Ebola is too unpredictable. The last outbreak occurred in 2012 in the Democratic Republic of Congo, which is 2,500 miles from Sierra Leone, the heart of the current epidemic. Short of vaccinating the entire continent of Africa, there’s no good way to predict who is going to get the disease next.

“We don’t know where the next outbreak is going to be,” Kartik Chandran, an associate professor of microbiology and immunology at Albert Einstein College of Medicine, told me. “It strikes like lightning and then disappears.”

There are several strains of Ebola. The current strain is ZEBOV, or Zaire virus, but there are also Sudan and Cote d’Ivoire versions. A vaccine would have to work against all of them.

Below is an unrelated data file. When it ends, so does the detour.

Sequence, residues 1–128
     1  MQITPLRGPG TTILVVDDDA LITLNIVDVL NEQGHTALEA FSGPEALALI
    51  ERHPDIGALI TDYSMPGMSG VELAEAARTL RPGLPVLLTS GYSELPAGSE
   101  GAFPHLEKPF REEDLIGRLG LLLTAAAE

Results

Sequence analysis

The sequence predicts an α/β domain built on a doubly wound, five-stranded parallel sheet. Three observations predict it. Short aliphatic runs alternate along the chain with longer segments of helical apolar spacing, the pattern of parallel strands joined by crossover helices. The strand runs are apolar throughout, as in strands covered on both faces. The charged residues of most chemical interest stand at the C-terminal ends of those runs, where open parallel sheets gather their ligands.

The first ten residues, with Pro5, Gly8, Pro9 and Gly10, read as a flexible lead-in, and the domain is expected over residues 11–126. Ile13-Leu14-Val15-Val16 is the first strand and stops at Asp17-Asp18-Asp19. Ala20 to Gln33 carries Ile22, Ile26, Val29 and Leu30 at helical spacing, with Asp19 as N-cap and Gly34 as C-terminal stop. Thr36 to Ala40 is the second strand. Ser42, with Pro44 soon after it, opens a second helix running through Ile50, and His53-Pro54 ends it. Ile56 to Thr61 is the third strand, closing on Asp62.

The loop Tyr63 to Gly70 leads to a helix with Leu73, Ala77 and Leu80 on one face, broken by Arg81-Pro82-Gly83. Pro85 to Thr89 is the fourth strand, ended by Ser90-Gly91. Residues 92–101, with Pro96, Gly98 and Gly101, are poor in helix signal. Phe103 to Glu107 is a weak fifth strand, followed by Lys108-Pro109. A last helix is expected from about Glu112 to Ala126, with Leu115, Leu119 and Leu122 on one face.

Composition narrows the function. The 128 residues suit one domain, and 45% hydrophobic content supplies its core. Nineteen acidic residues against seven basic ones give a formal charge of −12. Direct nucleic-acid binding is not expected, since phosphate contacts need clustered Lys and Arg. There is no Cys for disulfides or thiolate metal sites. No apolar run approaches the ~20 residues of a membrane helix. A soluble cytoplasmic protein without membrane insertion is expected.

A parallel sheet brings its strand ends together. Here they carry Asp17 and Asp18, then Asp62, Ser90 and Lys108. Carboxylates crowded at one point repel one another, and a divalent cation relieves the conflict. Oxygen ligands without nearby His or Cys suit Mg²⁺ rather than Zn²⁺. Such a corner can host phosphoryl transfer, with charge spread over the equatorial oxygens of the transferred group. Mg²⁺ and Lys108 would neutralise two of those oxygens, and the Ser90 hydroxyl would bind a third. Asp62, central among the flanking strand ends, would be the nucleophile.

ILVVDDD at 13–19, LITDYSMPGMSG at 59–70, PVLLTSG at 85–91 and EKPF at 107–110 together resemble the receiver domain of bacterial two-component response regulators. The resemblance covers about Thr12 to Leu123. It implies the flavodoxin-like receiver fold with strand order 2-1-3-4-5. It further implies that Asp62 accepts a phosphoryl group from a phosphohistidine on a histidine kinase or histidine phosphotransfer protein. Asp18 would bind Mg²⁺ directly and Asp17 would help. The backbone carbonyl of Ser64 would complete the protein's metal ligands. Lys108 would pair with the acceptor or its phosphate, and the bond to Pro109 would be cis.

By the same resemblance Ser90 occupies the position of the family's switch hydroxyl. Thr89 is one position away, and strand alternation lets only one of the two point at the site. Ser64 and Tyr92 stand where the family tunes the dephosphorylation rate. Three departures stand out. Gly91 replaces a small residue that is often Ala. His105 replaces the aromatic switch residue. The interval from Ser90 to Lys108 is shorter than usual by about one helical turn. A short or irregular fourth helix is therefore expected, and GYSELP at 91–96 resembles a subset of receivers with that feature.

Vaccines don’t work that well in fast-moving epidemics. There are a few things you can do with a vaccine once an outbreak starts. One is immunizing healthcare workers and the families of infected patients. Sometimes doctors try “ring vaccination,” or targeting residents of villages on the perimeter of the outbreak in an attempt to isolate and quash it.